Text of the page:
Contributed by Paula Perrin, Sr. Market Analyst, SHR
"Without a real revenue manager, we would have chaos. There are too many channels, group rates, and relationships out there to manage on our own."
If you’re feeling the squeeze these days on your hotel budget, you’re not alone. According to the 2017 Lodging Technology Study, 48% of hotels around the globe will be upgrading their property management systems, 24% their central reservation systems, and 16% their revenue management systems. While having the right technology is crucial to growing and managing revenue, there is still the need for expert human interpretation and interaction with those technologies to make the most of what they can offer. This is where a professional, dedicated Revenue Manager (RM) can make the difference between merely surviving or thriving in your market.—Tim Reed, General Manager, El Tropicano Riverwalk Hotel
Tim Reed, General Manager of El Tropicano Riverwalk Hotel, understands this well. After seven years of trying different strategies with uneven results, he knew he needed help and that, in his case, he wanted to go outside for that help to get a different perspective. “We had reached a point where we had become reactive to our market instead of proactive,” Tim said. The biggest question Tim faced is the same question every hotelier faces every day; how to deal with competition without ruining your ADR. With the help of his new RM, here’s what he learned.
Rate Dropping? Not So Fast
It’s up to a smart revenue manager to do his or her homework when it comes to forecasting and understanding guest segments and who is reserving your rooms. A common challenge for hoteliers in our OTA-centric booking world is capturing guests within a very narrow window of time. “Our guests literally decide to come to the hotel on the spur of the moment,” Tim said. Because of this, opaque channels like Priceline and Hotwire can understandably become the norm for hotels instead of the exception. “Because of this, we had become obsessed with simply selling out,” he explained.
What do you do if competitors are dropping rates? Even though it may be tempting, dropping your rates to simply to meet a competitor's can often be seen by the guest as a lack of rate integrity. It’s better to lower your rates only in the context of a special, limited-time value, like a “last minute discount” for instance. However you decide to frame it, be careful how low you go or you may find yourself competing with hotels not really in your market, hurting your branding in the long run. This is where focused reporting from your distribution technology can come in handy, especially as interpreted by a competent RM. With it, you’ll be able to see the big picture and head off unnecessary rate drops.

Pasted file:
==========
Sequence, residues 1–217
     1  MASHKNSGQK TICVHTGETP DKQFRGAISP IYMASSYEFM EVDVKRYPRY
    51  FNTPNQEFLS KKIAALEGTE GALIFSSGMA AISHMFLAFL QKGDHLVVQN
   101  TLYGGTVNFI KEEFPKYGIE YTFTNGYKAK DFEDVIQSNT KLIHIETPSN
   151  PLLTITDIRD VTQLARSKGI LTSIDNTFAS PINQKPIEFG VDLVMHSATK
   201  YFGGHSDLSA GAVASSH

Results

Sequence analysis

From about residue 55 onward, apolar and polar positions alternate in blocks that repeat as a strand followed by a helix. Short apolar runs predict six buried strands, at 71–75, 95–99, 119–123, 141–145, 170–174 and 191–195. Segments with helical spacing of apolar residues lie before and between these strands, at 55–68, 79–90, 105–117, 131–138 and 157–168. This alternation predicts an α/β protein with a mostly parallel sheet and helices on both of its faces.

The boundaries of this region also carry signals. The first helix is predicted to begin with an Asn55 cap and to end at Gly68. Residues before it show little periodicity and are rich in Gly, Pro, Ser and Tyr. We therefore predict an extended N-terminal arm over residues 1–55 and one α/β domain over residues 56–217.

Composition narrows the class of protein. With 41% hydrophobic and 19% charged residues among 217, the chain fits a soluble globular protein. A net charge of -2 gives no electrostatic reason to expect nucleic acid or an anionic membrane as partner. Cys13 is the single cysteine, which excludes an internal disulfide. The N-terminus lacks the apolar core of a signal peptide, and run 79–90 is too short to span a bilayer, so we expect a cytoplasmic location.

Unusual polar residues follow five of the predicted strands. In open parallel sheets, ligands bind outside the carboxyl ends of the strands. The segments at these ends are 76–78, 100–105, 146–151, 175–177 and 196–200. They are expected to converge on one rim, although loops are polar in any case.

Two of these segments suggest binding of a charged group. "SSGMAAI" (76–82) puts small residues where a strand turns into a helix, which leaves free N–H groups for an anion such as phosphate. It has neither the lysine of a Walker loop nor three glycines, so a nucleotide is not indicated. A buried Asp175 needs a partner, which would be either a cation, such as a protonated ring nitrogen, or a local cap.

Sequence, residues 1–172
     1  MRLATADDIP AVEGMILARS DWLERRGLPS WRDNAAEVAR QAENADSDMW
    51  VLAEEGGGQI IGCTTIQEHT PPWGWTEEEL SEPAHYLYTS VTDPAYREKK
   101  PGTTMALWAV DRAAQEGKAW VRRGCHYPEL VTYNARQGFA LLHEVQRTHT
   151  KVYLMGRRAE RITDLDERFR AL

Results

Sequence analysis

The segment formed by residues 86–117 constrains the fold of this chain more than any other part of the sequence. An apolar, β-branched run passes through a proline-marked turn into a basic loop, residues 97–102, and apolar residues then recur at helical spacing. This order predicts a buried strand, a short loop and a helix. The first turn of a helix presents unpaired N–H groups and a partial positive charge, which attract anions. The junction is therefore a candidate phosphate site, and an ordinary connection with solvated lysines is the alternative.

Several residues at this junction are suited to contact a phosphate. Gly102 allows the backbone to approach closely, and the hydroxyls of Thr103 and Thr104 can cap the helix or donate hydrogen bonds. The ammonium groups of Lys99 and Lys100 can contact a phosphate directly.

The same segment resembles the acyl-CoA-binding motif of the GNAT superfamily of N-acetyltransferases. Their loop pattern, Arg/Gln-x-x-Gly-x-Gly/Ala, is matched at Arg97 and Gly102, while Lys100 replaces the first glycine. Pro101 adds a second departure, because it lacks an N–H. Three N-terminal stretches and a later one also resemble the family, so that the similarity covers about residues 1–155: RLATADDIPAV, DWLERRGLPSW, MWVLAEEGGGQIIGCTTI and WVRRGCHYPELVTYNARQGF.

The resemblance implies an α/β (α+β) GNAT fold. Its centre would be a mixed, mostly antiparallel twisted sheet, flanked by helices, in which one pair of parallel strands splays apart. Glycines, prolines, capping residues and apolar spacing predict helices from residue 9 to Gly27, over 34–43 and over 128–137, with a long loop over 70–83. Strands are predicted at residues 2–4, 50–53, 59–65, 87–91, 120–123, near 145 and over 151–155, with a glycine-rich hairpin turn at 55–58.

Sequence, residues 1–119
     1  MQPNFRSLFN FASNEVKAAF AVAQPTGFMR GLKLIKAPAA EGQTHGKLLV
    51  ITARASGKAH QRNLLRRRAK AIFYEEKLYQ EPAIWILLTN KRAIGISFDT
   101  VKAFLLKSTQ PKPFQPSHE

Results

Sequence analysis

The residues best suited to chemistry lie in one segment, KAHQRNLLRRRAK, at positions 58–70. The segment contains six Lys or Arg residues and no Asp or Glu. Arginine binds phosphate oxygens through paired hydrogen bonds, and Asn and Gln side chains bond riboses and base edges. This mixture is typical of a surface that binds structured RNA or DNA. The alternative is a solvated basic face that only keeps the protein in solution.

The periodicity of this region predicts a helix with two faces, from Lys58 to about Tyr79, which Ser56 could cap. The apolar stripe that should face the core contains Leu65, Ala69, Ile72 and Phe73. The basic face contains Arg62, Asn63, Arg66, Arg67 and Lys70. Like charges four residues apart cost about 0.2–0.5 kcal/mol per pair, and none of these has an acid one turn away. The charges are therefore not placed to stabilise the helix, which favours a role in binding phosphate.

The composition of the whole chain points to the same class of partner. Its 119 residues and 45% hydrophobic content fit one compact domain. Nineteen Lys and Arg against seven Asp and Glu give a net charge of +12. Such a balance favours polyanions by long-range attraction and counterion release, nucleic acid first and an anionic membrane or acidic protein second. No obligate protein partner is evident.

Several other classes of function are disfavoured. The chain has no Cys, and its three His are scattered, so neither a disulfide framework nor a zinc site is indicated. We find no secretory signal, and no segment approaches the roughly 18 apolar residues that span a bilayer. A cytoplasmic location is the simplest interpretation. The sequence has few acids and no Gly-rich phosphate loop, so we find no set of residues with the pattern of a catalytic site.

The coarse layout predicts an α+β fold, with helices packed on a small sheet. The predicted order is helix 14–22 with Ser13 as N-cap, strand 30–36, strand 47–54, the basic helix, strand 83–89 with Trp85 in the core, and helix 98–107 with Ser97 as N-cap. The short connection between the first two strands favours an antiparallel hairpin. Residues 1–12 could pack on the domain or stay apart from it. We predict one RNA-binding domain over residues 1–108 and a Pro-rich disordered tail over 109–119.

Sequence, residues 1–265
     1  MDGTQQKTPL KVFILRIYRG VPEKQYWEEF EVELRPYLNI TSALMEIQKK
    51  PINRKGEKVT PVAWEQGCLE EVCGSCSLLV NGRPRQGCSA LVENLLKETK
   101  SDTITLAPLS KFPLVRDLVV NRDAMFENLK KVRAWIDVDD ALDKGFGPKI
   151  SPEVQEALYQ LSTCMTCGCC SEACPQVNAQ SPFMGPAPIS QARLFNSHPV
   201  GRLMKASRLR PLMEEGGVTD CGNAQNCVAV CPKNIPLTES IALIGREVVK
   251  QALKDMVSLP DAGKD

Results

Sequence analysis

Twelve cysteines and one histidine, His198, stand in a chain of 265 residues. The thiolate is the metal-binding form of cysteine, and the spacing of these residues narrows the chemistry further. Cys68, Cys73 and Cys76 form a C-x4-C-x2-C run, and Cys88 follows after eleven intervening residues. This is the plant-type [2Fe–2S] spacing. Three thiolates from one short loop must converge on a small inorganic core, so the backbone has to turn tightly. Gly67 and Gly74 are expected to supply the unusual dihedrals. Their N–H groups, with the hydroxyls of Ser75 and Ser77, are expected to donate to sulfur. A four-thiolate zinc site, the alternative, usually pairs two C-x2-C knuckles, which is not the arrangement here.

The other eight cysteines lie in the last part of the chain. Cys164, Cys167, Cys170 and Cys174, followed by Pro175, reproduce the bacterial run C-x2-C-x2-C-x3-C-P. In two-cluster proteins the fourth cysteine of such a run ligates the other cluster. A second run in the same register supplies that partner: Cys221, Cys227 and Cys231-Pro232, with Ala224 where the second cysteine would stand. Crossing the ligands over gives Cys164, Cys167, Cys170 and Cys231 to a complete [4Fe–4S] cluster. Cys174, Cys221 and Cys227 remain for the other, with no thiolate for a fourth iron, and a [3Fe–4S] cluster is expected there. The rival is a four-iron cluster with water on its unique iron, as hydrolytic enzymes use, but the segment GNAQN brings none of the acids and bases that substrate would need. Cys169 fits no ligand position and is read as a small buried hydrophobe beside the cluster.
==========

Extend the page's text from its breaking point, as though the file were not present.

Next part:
The Power of Length-of-Stay
Like many hoteliers, focusing attention on your peak nights, or even one day, is a common approach when it comes to ADR. You’re more likely, though, to have sustained growth when your overall revenue strategy focuses on length-of-stay restrictions. Say it’s New Year's Eve, and you want to be able to offer rooms to guests who want to stay beyond the holiday. Your RM might recommend setting your minimum at two nights. Or if you have a big group getting a substantial discount, a maximum stay restriction might be in order after considering how many rooms could be sold to other customers at higher rates. By using these types of strategies, you’re maximizing on both your shoulders and your peak dates. For Tim, this has made a huge difference in their outcomes from when they were only concerned with filling up. “Now we look at everything—our groups, rates, local demand generators, and the compression from big events,” he reported.
Maximize Room Types, Raise Your ADR
It’s important to analyze your room types to help raise your ADR. “We do 70% of our leisure business via the OTAs,” Tim said, “so we need to make the most of our rates.” For instance, you don’t want to be selling your Standard Room for the price of your competitor’s Deluxe Room. You need to see what your competitors are offering, adjusting as you go, and this includes seasonal changes, to see what rooms are selling when. Also, don’t forget the non-rate perks that can be perceived as room upgrades, such as late check-out, free breakfast, or other add-ons that matter to that guest or group.
A Strategy for the Future
The role of revenue management in today’s hospitality landscape has evolved into a vital and necessary aspect of the hotel business model, with the RM working side by side with management. And this is a very good thing. For Tim, the biggest difference in having a dedicated RM is the sense of control and security it provides, immediate and long-term. “Before our RM, we were only looking toward the end of each month. Now we’re looking a full six months out,” he said. “If it’s a Tuesday and I have 122 rooms to book by the weekend, I’m not worried anymore because we have a workable revenue strategy now.”
The bottom line? By choosing a dedicated RM, you are really choosing to make the most of your hotel technology and your brand, ultimately delighting and building loyalty for your guests, helping you carve out—and keep—your rightful place in the hospitality landscape.